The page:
Over the course of this war tactically insignificant events have become strategic defeats for America

    The incomprehension here is vivid from the vocabulary itself. What’s insignificant at the level of tactics may very well be of enormous strategic import, even within the confines of what’s strictly military.

    But given that the occupation of Iraq was, first and foremost, a political struggle – which I think should be obvious to us all – then the tortures at Abu Ghraib were, quite obviously, a huge self-inflicted defeat.

    Does Sanchez really imagine it could’ve been otherwise, simply if the American people hadn’t heard about them? Because the Iraqi people already knew, or were going to know, simply because we didn’t shoot dead everyone we stripped naked and walked around on a leash. The shame of the victims was only going to provide cover for so long.

    Even in his denunciations, Sanchez confirms the characterization of him as having a “conventional warfare mentality,” and the most damning indictment of Bush and Rumsfeld is that *this* is the man they sent over, with Bremer, to handle their occupation. Courts-martial, indeed.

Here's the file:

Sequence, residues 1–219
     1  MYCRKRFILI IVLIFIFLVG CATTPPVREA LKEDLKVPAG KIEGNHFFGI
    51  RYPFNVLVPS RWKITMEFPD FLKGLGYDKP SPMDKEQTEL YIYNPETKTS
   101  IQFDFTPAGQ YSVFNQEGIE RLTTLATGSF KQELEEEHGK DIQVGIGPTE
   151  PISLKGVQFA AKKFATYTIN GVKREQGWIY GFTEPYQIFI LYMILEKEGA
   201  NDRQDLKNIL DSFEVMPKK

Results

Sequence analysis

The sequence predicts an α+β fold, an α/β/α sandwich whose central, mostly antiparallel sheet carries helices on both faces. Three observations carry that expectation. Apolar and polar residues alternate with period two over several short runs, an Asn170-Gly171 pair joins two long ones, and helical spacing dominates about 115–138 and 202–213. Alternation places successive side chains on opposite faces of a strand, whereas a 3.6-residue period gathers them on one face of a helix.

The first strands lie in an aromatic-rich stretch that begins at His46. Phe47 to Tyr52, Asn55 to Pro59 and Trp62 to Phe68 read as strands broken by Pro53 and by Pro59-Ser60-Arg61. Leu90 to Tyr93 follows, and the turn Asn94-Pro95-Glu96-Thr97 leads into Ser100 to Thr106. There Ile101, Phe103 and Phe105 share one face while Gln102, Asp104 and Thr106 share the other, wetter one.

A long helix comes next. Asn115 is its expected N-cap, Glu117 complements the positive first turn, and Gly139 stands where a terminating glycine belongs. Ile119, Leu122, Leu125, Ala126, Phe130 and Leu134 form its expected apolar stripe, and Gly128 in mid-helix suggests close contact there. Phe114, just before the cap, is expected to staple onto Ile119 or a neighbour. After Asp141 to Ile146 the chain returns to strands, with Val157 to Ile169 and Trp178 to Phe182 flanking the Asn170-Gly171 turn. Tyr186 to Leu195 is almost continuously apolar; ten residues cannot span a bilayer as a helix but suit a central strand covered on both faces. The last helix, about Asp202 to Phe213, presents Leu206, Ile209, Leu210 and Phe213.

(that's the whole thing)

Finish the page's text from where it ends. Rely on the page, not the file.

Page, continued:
5. Dave Schuler says:

    Again, I don’t think that Gen. Sanchez is singling out the media, the Congress, or the president. I think he’s tarring with a broad brush and calling for “unity of effort”.

  6. Anderson says:

    I think he’s tarring with a broad brush and calling for “unity of effort”.

    Great, he’s turning into David Broder.

    “Unity of effort” towards *what*? What *kind* of effort?

    if the U.S. were to withdraw from Iraq, it would lead to “chaos that would lead to instability in the Middle East.”

    As opposed to what we have now?

    Either Iraq is FUBAR, or it’s not. A hard call, I realize. But I don’t care for the logic of those who say the only way to find out which, is to stay there & see.

  7. And, to be fair, the press was far from antagonistic in the beginning. Indeed, the press was generally quite supportive.

    And it reads to me like the “unity of effort” problem as he is addressing it flowed from the administration and its inability to construct that unity of effort.